The No-Judgment Zone
J iddu Krishnamurti, an Indian philosopher, speaker, and writer said, “The ability to observe without evaluating is the highest form of intelligence.” It’s an ability we talk about often in Flawless Consulting when learning how to deal with resistance in our client relationships.
Observation is the action or process of observing something or someone carefully in order to gain information. It is a statement based on something one has seen, heard, or noticed. Evaluation is altogether different. It is the making of a judgment about the amount, number, or value of something—an assessment. The time between observation and evaluation is seconds but the impact can be monumental.
At any point in our consulting process with a client, resistance is likely to happen. Dealing with such resistance may not be easy, but we’ve learned it can be simple. The key is leveraging the difference between observation and evaluation.
First, let’s talk about what resistance may look like in a client.
Some examples may include silence, interrupting, changing the topic, asking excessive questions, checking the time, stone-walling, arriving late, leaving early or even proclaiming, “We’ve always done it this way.” When hit with these various forms of resistance, it can be very easy to jump immediately into our own evaluation of what we believe their resistance must really mean. Flawless Consultants learn to come to a full-stop of our innate jump to judgment.
We do this by understanding what is behind the resistance and seek to get to the heart of what’s really going on.
Resistance in clients is often a sneak peek into their own harsh realities of the challenge they are trying to overcome.
There may be a real fear of being vulnerable to the consulting process, making a commitment, or even the fear of losing control. Resistance then is an open door to discovering critical aspects of what could be an underlying problem that should be addressed sooner rather than later. There may be a real fear of being vulnerable to the consulting process, making a commitment, or even the fear of losing control. Resistance then is an open door to discovering critical aspects of what could be an underlying problem that should be addressed sooner rather than later.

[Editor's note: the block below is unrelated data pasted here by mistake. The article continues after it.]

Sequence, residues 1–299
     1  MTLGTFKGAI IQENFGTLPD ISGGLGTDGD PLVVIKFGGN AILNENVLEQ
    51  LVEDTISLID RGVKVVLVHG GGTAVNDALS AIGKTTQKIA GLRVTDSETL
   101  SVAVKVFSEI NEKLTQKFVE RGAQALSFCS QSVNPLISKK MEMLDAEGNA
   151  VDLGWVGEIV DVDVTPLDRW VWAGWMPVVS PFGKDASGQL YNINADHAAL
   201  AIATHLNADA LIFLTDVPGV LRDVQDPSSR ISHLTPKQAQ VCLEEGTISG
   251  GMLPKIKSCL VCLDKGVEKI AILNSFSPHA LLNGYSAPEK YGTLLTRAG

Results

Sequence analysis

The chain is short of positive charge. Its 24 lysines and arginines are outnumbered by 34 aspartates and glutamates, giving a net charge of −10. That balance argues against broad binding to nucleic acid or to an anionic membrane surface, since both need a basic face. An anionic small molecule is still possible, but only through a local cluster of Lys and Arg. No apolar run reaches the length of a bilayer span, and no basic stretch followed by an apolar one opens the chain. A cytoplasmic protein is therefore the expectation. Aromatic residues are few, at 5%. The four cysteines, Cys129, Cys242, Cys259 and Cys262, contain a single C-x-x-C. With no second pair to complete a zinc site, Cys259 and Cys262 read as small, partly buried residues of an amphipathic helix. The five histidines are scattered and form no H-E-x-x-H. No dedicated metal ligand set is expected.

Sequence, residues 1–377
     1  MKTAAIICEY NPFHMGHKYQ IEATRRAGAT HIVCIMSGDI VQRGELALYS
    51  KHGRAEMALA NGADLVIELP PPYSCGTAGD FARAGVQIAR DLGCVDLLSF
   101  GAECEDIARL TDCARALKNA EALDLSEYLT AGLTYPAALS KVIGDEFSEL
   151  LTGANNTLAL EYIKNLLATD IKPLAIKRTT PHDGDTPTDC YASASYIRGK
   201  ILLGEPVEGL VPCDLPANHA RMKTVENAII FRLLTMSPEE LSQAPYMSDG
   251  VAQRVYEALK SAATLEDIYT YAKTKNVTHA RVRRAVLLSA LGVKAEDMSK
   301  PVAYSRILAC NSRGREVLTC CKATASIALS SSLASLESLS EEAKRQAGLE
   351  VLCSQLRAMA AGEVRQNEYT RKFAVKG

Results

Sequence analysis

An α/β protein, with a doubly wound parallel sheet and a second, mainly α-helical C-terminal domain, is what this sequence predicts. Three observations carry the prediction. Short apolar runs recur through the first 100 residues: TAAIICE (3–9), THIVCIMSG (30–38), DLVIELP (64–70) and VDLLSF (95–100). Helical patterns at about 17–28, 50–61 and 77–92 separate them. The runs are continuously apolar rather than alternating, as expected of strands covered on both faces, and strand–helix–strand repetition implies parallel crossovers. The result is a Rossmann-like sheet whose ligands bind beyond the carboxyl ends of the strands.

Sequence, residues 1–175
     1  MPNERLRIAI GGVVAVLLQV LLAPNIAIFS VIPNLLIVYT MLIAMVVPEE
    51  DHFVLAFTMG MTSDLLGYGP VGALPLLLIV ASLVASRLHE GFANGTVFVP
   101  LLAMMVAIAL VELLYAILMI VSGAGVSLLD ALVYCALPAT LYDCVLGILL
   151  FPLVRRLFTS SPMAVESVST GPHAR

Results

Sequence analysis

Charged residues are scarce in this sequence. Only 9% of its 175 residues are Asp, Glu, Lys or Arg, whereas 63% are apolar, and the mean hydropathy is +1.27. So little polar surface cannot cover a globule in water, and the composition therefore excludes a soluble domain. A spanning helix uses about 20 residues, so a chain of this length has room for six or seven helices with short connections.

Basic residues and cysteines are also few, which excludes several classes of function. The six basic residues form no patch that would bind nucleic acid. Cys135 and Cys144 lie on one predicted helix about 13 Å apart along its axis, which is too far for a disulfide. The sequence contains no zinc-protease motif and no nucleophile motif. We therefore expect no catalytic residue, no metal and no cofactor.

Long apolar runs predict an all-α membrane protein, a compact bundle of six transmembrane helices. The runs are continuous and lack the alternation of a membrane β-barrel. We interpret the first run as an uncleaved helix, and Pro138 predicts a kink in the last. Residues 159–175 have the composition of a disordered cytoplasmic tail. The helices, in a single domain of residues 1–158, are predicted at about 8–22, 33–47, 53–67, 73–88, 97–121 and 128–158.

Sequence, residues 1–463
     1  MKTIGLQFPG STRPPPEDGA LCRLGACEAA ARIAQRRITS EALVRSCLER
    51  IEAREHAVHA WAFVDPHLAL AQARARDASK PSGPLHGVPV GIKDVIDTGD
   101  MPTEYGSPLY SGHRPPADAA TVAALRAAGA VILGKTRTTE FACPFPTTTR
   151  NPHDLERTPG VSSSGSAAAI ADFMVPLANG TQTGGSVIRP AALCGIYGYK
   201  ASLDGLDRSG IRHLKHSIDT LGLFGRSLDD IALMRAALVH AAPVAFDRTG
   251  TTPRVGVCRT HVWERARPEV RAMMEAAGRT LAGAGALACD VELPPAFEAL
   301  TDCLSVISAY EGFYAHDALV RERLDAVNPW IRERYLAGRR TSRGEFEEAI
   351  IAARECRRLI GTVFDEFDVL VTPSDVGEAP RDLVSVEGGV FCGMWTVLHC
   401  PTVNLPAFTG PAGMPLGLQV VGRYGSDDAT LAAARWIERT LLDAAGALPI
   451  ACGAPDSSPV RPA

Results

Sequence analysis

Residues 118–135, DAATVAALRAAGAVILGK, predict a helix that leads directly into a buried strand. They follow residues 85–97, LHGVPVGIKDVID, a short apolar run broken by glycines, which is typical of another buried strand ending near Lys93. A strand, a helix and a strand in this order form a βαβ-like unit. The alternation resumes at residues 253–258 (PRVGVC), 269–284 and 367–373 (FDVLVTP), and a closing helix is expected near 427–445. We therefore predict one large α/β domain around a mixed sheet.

We use five skills to help navigate these murky waters.
1. Give two good-faith responses. In other words, give a “resisting” behavior a pass for the first two times. If you see your client take a quick look at their watch, don’t automatically read too much into it. If the behavior doesn’t continue, it wasn’t signaling resistance.
2. If the behavior does continue after at least two good-faith responses, name the behavior simply and directly. Here is where the difference between observation and evaluation becomes critical. Simply state the observed behavior and come to a full stop before moving to evaluation.
For instance, a client continues to look at their watch. A Flawless Consultant would say, “You keep looking at the clock.” If you say, “You look distracted,” you’ve moved pass observation, into evaluation and well into judgment which can quickly derail a conversation and make navigating the resistance even more difficult.
3. Once you’ve named the behavior, be quiet. Let the tension rise and allow the client to explain what the behavior means.
4. Give support to the underlying concerns by listening curiously, asking questions and seeking to understand.
5. Return to the business of the meeting or something new, depending on the underlying concerns. Let it go and move on.
Ultimately, resistance gets in the way of dealing with issues that affect the work. If we, as consultants, don’t manage the resistance, we may never really get to the deeper issues. We can help clients be more direct by showing them what they are doing by being clear and direct about our observations. It’s with this “look in the mirror” that we hope clients will say “why” they are doing it. No evaluation. No judgment. After all, it’s their “why” to tell.